II. LEGAL RECOGNITION OF STATELESSNESS IN INDIA

A. Recognition of Status

Statelessness poses a moral and normative challenge to the legitimacy of the international state system. In simpler terms, since the world is comprehensively divided between nation states, then every person should be able to claim citizenship and its attendant rights somewhere. Yet, thousands of people around the world face barriers in claiming citizenship rights in any nation because of several aggravating factors.

There are several stateless groups in India who either arrived or were born in India as stateless persons, such as the Tibetans and the Rohingyas. This section pertains to these stateless persons in Indian territory whose citizenship was not deprived as a result of any action of the Indian state. They have no avenues of return to their country of nationality as a result of their statelessness i.e. their state does not accept them as nationals. Thus, they are prohibited from exercising their right to return. In this situation, they cannot be deported and continue to reside in India as subjects of a legal framework which does not formally recognise their status.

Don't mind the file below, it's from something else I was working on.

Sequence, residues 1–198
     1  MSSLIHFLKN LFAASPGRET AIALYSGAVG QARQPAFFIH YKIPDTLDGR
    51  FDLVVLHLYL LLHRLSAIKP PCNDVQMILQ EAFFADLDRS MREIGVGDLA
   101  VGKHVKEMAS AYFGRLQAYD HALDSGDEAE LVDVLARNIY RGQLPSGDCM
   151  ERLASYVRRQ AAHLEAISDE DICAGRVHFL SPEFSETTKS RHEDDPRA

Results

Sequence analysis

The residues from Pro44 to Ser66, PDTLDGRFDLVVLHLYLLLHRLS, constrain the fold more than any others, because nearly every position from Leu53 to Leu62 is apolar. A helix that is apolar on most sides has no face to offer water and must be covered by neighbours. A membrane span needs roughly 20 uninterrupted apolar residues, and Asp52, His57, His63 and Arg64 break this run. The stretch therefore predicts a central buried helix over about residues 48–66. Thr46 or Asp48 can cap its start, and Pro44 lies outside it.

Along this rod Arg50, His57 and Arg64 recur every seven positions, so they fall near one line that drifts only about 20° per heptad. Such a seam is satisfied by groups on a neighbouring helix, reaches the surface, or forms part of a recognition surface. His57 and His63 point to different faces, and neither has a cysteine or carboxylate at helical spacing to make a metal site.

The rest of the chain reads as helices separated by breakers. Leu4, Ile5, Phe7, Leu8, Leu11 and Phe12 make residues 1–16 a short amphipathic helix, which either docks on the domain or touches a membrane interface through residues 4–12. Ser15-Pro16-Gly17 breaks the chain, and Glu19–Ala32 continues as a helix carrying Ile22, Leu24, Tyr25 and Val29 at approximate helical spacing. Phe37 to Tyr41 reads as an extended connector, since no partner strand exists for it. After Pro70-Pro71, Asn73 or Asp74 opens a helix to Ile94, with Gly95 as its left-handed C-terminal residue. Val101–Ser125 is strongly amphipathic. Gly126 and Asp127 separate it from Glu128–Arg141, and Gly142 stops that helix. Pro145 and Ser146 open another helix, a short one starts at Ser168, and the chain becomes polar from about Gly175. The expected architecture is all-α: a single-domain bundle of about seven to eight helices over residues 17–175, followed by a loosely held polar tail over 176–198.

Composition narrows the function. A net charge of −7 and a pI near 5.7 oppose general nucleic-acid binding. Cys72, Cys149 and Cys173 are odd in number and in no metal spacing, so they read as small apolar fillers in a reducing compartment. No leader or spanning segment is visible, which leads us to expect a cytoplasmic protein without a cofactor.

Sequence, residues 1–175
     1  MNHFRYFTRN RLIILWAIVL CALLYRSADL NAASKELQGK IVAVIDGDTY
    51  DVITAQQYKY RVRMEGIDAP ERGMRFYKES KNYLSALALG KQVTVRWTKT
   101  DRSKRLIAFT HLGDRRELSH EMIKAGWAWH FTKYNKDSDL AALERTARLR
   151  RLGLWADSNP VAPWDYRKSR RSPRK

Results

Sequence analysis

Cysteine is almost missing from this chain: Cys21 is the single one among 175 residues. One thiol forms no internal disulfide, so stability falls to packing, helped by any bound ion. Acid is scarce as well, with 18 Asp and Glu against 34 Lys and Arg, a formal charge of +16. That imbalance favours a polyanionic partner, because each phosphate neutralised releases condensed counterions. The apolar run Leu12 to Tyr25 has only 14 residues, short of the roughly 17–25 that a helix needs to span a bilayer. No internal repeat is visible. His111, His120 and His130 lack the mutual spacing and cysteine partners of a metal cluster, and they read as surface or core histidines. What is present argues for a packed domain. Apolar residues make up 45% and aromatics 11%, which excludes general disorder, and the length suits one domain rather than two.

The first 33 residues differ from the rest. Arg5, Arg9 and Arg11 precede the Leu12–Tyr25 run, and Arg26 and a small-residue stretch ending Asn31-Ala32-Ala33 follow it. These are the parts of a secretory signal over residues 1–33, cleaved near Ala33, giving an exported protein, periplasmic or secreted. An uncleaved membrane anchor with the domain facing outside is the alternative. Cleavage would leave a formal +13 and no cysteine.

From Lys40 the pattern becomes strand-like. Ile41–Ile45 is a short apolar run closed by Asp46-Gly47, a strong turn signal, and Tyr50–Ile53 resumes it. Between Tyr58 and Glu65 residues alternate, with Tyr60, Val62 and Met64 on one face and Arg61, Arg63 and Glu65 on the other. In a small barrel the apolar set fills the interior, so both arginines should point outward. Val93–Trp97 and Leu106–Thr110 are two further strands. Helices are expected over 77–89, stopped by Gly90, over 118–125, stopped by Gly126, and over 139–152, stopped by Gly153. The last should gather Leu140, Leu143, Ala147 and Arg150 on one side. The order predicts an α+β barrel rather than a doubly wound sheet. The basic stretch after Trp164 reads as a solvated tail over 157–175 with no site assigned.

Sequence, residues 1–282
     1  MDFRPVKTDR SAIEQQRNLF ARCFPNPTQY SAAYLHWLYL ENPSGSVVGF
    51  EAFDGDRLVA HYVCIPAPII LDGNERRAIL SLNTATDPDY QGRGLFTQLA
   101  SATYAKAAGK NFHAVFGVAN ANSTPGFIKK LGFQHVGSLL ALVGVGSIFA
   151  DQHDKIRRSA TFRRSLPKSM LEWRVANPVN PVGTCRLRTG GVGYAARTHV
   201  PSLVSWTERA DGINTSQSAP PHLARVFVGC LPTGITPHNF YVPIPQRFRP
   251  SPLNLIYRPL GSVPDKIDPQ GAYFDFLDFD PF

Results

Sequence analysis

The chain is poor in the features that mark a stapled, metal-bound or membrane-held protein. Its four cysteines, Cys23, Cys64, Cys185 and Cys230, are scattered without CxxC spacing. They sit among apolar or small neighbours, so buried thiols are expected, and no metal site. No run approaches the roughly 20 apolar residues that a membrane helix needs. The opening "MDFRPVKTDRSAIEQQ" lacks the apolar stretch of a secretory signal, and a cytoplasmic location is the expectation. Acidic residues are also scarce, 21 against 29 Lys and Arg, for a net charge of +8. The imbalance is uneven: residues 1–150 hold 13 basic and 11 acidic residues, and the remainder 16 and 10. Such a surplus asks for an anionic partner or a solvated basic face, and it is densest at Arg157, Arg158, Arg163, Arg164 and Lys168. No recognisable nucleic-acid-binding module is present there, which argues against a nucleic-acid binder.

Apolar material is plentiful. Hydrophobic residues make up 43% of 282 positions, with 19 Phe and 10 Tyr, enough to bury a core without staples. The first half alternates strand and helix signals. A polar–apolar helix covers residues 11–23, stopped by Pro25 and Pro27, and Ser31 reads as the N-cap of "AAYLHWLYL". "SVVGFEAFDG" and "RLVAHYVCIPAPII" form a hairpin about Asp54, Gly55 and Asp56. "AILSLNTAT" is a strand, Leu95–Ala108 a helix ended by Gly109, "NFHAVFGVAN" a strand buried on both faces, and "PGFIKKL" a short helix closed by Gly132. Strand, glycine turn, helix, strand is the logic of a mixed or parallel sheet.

A close reading of the Indian domestic law framework governing the status of non-citizens [the Constitution (Articles 5 – 11); the Citizenship Act, 1955 (Sections 2, 3, 6, 6A, 6B, 10); the Foreigners Act, 1946 (Sections 2, 3, 8, 9); and the Passports Act, 1967 (Section 4)] reveals that the definitional categories determining the legal status of an individual are inadequate for guaranteeing the rights of stateless persons. The use of the terms ‘illegal migrant’, ‘foreigner’, and ‘citizen’, as distinct and oppositional categories, operates on the implicit assumption that the person whose status is to be ascertained must be in possession of at least one nationality, even if that nationality is not Indian. None of these terms can be used interchangeably for a stateless person; the Acts simply do not define or acknowledge the phenomenon of statelessness.